I don’t think anyone at the time knew the impact the show would have. I’m sure they didn’t think that 30 years after the original air date that the show would still be on the air. Sheridan and I watch it very night on our local Hallmark channel. When it’s not on, oh sad day, we simply pop in a dvd disc from our complete series collection from the inside of Sophia’s purse. Then once again we find ourselves sitting in the kitchen with Dorthy, Blanche, Rose, and Sophia; enjoying a slice of cheesecake and sipping coffee.
Today I’m not honoring their love of cheesecake, but the legacy of Sophia’s Lasagna Al Forno. According to Dorthy, played by the legendary Bea Arthur, Sophia only made this dish for two occasions; funerals or when she needed a favor. I am making it for neither. I just simply love pasta in any and all forms. I could eat it all day, every day.
This lasagna isn’t loaded with melted cheese or a ricotta filling. It is as it should be, classic Italian. Should I say Sicilian? The ricotta cheese layer is an American thing, replacing the creamy bechamel like layer in most authentic style lasagnas. I will say that I did wait until the lasagna was chilled before taking the photo. As we all know, steaming hot lasagna fresh from the oven doesn’t make for a good picture as it tends to go flat.
Stay Golden Friends, and Enjoy this Lasagna!!

Lasagna Al Forno

3 Tsp olive oil

1 large yellow onion, chopped

2 tsp. salt

1 tsp. ground black pepper

1/2 tsp. crushed red pepper

1 lb. lean ground beef

1 lb. ground pork

2 Tsp. tomato paste

3/4 c. red wine

3 (28 oz.) cans crushed tomatoes

1 1/2 c. beef broth

2 bay leaves

2 cinnamon sticks

Heat a large pot over medium high heat. When pan is hot, add the pork and ground beef season with 1 1/2 teaspoons salt, 3/4 teaspoon black pepper, and 1/4 teaspoon red pepper. Brown and crumble the meats, drain well and set aside. Return the pan to the heat and add the olive oil. Add the onions and remaining salt, pepper, and the red pepper; cook until slightly translucent. Return the meat to the pot and add the tomato paste, stir well and cook 30 seconds.  Add the wine, tomatoes, broth, bay leaves, and cinnamon, bring to a boil, reduce to a simmer for 1 hour.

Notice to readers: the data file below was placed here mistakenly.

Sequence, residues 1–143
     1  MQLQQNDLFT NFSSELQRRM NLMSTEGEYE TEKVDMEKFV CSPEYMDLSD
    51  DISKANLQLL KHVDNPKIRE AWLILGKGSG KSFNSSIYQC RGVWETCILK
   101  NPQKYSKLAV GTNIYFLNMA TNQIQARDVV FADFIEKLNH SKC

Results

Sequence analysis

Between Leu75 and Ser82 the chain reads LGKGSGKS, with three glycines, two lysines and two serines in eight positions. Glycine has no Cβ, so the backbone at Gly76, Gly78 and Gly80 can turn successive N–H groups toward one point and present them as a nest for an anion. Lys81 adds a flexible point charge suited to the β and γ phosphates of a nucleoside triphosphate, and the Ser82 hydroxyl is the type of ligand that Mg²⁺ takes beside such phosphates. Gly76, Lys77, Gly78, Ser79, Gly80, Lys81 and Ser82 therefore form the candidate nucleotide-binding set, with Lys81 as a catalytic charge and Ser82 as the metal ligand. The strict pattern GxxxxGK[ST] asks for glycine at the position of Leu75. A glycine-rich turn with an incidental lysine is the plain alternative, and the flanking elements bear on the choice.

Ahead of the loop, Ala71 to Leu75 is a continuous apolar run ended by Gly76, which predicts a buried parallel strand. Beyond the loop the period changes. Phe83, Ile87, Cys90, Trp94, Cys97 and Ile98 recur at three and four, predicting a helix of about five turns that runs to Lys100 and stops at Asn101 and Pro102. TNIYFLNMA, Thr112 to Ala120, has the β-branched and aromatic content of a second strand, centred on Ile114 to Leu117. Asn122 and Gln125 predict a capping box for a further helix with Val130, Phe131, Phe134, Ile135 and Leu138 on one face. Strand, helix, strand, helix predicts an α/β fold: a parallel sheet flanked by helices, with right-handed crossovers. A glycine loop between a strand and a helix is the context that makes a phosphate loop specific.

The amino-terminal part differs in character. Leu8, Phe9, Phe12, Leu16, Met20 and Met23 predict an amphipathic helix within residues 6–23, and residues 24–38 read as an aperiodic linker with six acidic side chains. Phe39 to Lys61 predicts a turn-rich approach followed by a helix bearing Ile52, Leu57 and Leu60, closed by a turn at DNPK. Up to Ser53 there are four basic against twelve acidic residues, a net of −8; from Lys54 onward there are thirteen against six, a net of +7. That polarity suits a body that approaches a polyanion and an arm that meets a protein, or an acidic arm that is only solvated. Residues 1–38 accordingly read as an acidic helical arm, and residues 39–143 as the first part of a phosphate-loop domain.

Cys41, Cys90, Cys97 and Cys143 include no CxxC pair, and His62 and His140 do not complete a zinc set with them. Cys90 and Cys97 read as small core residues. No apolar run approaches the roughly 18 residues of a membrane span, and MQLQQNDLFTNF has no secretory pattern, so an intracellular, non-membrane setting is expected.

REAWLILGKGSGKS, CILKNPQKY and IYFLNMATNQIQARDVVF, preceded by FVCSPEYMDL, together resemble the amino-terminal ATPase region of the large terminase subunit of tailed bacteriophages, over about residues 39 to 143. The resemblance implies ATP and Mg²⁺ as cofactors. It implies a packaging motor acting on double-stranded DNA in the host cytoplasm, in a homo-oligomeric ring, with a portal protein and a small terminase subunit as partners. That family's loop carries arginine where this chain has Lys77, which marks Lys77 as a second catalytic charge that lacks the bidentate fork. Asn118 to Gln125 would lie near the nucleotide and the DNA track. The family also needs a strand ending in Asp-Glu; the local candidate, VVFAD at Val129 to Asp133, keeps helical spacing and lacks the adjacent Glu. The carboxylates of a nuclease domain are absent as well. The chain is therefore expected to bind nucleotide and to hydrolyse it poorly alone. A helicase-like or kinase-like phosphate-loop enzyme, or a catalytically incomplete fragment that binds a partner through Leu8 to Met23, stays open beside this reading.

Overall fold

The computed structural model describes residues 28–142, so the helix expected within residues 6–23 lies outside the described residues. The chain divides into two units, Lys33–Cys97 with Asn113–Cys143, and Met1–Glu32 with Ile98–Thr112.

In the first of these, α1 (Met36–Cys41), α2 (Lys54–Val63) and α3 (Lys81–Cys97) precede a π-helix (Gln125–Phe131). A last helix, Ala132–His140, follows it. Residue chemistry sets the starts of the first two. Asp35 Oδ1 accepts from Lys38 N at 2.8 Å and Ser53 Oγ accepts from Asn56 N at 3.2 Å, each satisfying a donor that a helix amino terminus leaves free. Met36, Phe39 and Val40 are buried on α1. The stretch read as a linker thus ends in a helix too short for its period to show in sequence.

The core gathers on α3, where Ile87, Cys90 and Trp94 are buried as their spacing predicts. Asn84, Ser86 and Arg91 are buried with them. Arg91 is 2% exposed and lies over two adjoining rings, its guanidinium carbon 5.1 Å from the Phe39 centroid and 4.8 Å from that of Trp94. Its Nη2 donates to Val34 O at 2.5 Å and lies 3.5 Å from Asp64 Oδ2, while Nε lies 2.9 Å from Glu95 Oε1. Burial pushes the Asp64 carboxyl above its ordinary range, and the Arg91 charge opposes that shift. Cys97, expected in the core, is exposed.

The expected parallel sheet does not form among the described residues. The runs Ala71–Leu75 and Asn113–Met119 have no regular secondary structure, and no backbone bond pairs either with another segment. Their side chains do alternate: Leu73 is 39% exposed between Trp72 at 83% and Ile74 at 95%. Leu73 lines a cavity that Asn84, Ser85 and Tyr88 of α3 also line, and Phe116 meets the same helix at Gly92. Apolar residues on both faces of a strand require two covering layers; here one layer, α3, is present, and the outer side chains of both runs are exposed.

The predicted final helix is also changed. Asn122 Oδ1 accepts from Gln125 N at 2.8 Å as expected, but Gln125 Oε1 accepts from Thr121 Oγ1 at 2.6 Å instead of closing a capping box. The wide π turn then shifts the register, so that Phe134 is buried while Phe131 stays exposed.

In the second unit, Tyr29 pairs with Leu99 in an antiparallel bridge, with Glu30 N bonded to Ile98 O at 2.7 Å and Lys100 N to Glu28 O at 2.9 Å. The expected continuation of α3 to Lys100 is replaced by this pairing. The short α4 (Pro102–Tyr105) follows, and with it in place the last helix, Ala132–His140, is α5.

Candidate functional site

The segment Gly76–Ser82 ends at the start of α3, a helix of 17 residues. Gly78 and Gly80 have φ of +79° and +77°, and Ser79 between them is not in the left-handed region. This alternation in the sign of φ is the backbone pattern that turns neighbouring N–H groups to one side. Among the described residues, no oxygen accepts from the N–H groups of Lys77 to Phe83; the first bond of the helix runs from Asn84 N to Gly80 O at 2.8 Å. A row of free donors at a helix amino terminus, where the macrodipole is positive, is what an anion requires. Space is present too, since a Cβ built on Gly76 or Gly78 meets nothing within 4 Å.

For the Cream Sauce

6 Tsp. unsalted butter

6 Tsp. all-purpose flour

3 c. whole milk, warm**

1/2 tsp. salt

1/4 tsp. black pepper

1/4 tsp. ground nutmeg

Melt the butter in a medium saucepan over medium heat. Add the flour and cook 3 to 4 minutes. Whisk in the warm milk, salt, pepper, and nutmeg, and cook until the sauce is thick and smooth, about 6 minutes.

**If you make the cream sauce too soon, you may need to add an addition 1/4 c. of milk to thin it back down. Just add it little by little until it returns to the original consistency.

For the Lasagna

1 lb. no-boil lasagna noodles

2 1/2 c. Parmesan cheese

To make the lasagna, heat the oven to 350° Fahrenheit. Butter a 9- by 13-inch baking dish, set aside. Place about 1 cup of the meat sauce in the bottom of the baking dish and layer with 4 lasagna noodles. Place another cup of meat sauce over the noodles, followed by a cup of cream sauce and a third of the cheese. Repeat with the remaining noodles and sauces, ending with the cheese. Cover with aluminum foil and bake for 45 minutes. Remove the foil and bake until the top is golden, 15 to 20 minutes.

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Braised Short Ribs

What a week it has been, and I’m only at the half way point!! I keep telling myself just two more days. After that it’s two glorious days off. That doesn’t seem like much, but to me it mean one more week until vacation time. I’m well over do for some time off. I ‘m one of the few that actually cares about the job I do, so I work hard. While everyone else is playing with their phones or sucking up to the manager, I’m doing my side work or rolling silverware. Anything to make the night easier and go by faster. Plus, it really helps  when quitting time comes. Work smarter not harder, right?

Now on to happy things. For the past few weeks I have had a taste for short ribs. Standard rack ribs just wouldn’t do. I want some good, slow braised, fall off the bone short ribs. This recipe doesn’t disappoint. As I was lifting them out of the pan to plate them, the bones completely fell away and I was left with delicious boneless rib goodness. YUM!!

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Braised Short Ribs 

2 1/2 lbs. short ribs

2 Tsp olive oil

1 large sweet onion, cut into half moons

4 cloves of garlic, chopped

2 1/2 Tsp tomato paste

3/4 c. red wine

1 1/2 c. beef stock

5 sprigs fresh rosemary

salt and black pepper, to taste

Preheat oven to 325. Heat olive oil in a medium size dutch oven over medium high heat. Using a paper towel, pat dry the ribs and season with salt and pepper. When oil is hot brown the ribs on both sides, cooking in batches if needed. When ribs are golden brown, remove them from the pan and place on a clean plate. Add the onion to the pan and cook until translucent, about 4- 5 minutes. Add the garlic; cook for 30 seconds. Add the tomato paste, stir and cook for 30 more seconds. Pour the wine into the pan, stir and reduce by half. Pour in the stock , stirring well. Return the ribs to the pan, and bring to a simmer. Nestle the rosemary into the sauce, cover with a lid, and place in the preheated oven. Braise the ribs for 2 hours and 15 minutes. Remove from oven and allow to rest for 10 minutes. Remove the rosemary before serving. Serve over polenta, or a puree of cauliflower or mashed potatoes.